Pass Over review – fiercely relevant and compelling

Kiln, London
Antoinette Nwandu’s powerful absurdist urban tragedy sees two black homeless men – cowed by the ever-present threat of police brutality – pursue their own American dream

Antoinette Nwandu wrote Pass Over partly as a response to Trayvon Martin’s shooting but it was also inspired by Waiting for Godot and the biblical Book of Exodus. Alongside this, the play aims to show “black Americans wrestling with the dregs of the American dream”.

An Old Testament story of faith in deliverance from slavery together with Beckettian nihilism and contemporary race politics are epic – and almost opposite – themes to grapple with in an 80-minute play, but Indhu Rubasingham’s production combines all the elements in this absurdist urban tragedy to electrifying effect.

Two black homeless Americans, Moses (Paapa Essiedu) and Kitch (Gershwyn Eustache Jr) spend their days waiting, not on a country road under a tree like Vladimir and Estragon, but on a grey street corner of an unnamed city. As they wait they feel cowed by the ever-present threat of police brutality and reduced by encounters with white men.

Moses and Kitch wear their baseball caps backwards and behave like pastiche versions of young black men, hamming up their street mannerisms (elaborate handshakes, hip-hop swagger) and urban patter. They have playful flights-of-fancy and speak of “passing over” into a life that is not defined by police persecution, indulging in fantasies of ordering caviar and Cristal champagne from hotel penthouses.

Words form part of their knowingly racialised performance: they use the N-word emphatically. By contrast, the outwardly decorous speech of a white stranger called Mister (Alexander Eliot) is full of concealed bigotry and redacted offences.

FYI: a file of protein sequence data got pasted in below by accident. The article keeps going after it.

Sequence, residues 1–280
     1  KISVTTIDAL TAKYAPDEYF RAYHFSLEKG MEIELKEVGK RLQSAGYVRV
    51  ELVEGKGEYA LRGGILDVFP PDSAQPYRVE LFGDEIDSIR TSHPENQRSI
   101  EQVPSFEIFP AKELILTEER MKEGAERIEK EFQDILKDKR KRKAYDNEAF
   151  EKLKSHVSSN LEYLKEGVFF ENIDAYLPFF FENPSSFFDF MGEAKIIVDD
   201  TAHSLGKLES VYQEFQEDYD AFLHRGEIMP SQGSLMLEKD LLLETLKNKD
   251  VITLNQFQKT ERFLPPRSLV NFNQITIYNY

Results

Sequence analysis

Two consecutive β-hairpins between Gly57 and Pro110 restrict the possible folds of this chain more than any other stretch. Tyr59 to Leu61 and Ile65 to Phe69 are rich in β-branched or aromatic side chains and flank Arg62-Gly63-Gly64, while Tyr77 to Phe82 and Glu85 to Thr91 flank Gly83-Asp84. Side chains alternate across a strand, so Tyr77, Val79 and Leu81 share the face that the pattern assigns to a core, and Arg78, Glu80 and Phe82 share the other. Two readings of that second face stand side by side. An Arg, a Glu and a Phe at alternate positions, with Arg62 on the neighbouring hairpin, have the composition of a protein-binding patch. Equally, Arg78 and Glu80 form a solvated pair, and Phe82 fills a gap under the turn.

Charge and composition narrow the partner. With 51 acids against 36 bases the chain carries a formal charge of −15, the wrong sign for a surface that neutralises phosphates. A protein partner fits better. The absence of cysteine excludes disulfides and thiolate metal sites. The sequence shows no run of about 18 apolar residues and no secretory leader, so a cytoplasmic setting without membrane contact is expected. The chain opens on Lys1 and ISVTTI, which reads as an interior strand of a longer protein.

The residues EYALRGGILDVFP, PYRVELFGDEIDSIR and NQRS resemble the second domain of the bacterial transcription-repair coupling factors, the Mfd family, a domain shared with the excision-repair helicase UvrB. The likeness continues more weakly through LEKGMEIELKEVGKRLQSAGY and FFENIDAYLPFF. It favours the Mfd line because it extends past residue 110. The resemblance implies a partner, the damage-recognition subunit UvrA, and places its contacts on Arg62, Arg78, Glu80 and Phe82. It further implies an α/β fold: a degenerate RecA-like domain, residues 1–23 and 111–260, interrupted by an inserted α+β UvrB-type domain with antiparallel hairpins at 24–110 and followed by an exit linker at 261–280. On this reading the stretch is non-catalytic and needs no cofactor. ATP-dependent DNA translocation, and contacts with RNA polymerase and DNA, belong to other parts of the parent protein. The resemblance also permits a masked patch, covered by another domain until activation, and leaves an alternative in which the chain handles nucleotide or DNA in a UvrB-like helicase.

Wholesome, all-American manner ... Paapa Essiedu and Alexander Eliot.
Wholesome, all-American manner ... Paapa Essiedu and Alexander Eliot. Photograph: Marc Brenner

Essiedu and Eustache Jr have an easy chemistry and endow their characters with vulnerable, boyish charm as they play fight or revel in make-believe.

We feel their baiting when Mister emerges, offering them food and hamming up his own wholesome, all-American manner with repeated exclamations of “gosh, golly, gee”. In its best moments, Nwandu’s script builds its dread with feeling, rather than dialogue. There are also sudden swerves into unsettling surrealism and outright terror before the tone resets back to comedy. Almost every gearchange works to powerful effect: anxiety roves around between the humour, and tonal lurches leave us feeling increasingly queasy for these men’s fates. The switches are masterfully managed by the actors, with a sensational performance by Eustache Jr, who bursts with mischievous energy, while Essiedu plays Moses more plaintively.

Easy chemistry ... Paapa Essiedu and Gershwyn Eustache Jr in Pass Over.
Easy chemistry ... Paapa Essiedu and Gershwyn Eustache Jr in Pass Over. Photograph: Marc Brenner

Just as Anna Deavere Smith’s play Notes from the Field spoke directly to America about white-on-black violence, Pass Over does the same. It touched nerves when it was first staged by the Steppenwolf Theater in Chicago where some complained about the depiction of a racist white police officer, Occifer (also played by Eliot). But despite this specificity, it carries resonance for British audiences in its exploration of black masculinity and racism, which seems particularly urgent in light of Dave’s performance at the Brits.

The script begins to speak its messages in the last third of the play, which sound all the more jarring because the dialogue has been so artful until then. But it snaps back to surrealism and regains its symbolic strength by the end. Robert Jones’s set adds to this use of symbols: unlike the all-seeing eyes on the billboard that hang over F Scott Fitzgerald’s American dream novel The Great Gatsby, a traffic light sign looms over the lives of Moses and Kitch, commanding them to “stop” in the shape of a raised red hand. It is abject shorthand for the nihilism imposed on to their black American dreams.

Pass Over is theatre for the heart and head, reinventing and complicating old stories to make them newly and fiercely relevant. If, in these times, we are ever more in need of powerful and provocative political theatre, here it is.

• At Kiln, London, until 21 March.


Arifa Akbar

The GuardianTramp

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